A recent scientific article has found that the United Kingdom’s fruit and vegetable supply is increasingly dependant on imports from climate-vulnerable countries. Using data from the Food and Agriculture Organization of the United Nations (FAO) bilateral trade database over a 27 year period, they found that:
‘The proportion of fruit and vegetables supplied to the UK market from climate-vulnerable countries increased from 20% in 1987 to 32% in 2013. Sensitivity analyses using climatic and freshwater availability indicators supported these findings. Increased reliance on fruit and vegetable imports from climate-vulnerable countries could negatively affect the availability, price and consumption of fruit and vegetables in the UK, affecting dietary intake and health, particularly of older people and low-income households’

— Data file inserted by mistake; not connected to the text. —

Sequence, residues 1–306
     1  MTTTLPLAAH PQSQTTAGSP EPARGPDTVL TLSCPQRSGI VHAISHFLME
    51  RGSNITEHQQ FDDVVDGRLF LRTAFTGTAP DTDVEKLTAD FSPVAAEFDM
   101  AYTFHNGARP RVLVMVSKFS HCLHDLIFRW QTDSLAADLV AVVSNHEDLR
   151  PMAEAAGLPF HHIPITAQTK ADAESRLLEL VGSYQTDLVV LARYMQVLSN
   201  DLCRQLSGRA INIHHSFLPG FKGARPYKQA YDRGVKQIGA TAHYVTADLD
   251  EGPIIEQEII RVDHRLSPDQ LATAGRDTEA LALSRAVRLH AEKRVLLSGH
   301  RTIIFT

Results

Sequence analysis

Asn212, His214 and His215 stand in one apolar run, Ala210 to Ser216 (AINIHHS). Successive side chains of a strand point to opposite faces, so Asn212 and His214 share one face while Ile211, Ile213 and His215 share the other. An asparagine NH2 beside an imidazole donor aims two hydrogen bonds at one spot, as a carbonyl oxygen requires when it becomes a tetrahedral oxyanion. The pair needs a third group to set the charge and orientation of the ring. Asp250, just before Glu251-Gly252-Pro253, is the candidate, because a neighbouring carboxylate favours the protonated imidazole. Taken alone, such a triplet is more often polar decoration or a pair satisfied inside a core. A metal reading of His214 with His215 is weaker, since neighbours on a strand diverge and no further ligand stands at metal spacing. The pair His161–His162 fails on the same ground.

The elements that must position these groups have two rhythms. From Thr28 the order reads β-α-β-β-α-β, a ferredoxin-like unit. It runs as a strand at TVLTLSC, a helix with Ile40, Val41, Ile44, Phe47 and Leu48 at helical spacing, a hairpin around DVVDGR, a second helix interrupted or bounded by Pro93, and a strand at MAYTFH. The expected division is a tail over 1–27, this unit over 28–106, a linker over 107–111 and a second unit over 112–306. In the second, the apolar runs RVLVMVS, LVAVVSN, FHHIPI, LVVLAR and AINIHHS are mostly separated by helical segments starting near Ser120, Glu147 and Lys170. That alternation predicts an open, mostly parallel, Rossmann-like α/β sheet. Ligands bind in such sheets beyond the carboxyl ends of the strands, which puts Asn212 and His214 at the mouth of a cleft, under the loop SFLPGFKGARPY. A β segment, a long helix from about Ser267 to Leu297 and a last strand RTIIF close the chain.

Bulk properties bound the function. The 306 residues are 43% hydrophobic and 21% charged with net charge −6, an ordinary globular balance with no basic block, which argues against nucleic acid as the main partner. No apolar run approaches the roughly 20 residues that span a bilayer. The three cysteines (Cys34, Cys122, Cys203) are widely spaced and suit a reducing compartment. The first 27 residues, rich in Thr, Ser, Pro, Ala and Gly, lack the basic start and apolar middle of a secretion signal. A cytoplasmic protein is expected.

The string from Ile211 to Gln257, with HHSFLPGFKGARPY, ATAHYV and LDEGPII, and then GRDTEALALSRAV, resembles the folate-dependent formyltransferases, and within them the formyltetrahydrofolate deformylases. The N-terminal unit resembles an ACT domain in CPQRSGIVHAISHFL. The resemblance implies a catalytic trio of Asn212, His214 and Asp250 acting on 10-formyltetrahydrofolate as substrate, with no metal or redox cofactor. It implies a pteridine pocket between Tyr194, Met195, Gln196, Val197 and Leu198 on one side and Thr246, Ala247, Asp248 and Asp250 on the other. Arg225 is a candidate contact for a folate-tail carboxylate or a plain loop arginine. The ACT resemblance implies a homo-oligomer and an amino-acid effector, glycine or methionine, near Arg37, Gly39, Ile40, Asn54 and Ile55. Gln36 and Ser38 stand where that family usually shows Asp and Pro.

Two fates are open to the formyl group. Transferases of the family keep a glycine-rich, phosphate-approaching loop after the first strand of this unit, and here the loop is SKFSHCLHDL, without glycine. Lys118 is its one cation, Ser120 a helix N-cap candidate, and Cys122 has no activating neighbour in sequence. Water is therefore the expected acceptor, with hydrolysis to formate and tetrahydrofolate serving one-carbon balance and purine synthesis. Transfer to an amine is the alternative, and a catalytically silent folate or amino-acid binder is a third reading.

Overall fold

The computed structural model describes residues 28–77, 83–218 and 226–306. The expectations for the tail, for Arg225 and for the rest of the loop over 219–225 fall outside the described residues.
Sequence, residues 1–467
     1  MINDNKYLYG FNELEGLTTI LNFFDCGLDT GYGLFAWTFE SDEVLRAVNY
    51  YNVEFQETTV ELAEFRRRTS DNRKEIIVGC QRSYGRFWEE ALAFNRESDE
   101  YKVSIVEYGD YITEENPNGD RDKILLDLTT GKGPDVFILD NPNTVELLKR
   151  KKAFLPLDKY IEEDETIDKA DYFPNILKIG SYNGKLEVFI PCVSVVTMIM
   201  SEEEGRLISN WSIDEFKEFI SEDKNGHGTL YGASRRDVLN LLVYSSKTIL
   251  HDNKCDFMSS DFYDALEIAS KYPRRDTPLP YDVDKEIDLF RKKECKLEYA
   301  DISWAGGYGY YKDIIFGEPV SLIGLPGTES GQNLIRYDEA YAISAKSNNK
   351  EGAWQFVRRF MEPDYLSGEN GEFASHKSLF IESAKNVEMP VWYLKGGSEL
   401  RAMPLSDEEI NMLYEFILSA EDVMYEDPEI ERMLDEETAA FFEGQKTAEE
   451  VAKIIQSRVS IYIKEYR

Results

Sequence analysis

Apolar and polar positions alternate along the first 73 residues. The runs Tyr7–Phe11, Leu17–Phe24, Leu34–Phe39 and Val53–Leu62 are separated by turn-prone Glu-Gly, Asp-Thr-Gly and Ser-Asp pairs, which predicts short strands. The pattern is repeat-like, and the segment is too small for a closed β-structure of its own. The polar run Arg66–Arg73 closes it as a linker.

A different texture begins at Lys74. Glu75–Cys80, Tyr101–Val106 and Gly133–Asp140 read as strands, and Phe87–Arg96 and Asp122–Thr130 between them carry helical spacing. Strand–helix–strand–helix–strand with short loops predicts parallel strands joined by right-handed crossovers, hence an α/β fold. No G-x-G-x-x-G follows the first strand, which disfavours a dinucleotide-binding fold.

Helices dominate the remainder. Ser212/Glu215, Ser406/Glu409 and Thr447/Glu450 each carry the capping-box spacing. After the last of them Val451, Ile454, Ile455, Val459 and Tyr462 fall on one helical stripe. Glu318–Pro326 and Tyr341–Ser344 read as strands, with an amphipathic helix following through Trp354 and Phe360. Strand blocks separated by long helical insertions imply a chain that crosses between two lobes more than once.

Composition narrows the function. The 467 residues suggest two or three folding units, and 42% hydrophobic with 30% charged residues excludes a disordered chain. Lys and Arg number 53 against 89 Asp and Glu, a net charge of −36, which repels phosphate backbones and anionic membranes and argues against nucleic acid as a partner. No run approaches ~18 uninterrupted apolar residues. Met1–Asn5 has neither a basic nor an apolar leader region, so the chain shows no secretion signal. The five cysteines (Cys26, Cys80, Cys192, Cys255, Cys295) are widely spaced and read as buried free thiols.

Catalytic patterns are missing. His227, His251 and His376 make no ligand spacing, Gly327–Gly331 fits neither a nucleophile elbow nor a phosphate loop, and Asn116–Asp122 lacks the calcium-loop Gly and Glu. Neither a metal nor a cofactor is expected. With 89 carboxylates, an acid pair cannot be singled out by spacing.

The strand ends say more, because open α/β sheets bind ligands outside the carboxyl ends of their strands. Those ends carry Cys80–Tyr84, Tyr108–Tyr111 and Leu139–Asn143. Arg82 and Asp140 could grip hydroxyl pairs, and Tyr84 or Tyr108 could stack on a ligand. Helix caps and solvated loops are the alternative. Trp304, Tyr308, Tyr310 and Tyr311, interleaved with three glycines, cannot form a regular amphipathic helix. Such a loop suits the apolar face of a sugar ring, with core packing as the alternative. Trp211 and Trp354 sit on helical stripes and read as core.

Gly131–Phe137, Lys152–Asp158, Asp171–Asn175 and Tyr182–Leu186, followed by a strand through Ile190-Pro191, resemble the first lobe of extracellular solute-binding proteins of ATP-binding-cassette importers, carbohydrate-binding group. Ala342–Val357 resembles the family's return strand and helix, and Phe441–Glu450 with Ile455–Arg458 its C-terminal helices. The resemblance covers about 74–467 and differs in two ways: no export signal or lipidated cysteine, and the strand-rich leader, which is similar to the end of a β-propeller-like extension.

This is concerning as now we are starting to notice the potential struggle for resources certain countries will have as climate change intensifies. This also demonstrates the far reaching and collateral affects climate change can have, which is why international communication and cooperation is essential in dealing with climate change.
As it is now clear that countries which often contribute the least to climate change often suffer the most from it, as a developed nation it is important that we concentrate on helping developing nations more. Providing them with resources or funding when in times of need is not only a humanitarian concern, it helps alleviate the collateral damage which will affect developed nations as well. The evidence is clear that if we are to limit the impact of climate change, a unified effort is needed in order to prevent the worst case scenarios from happening.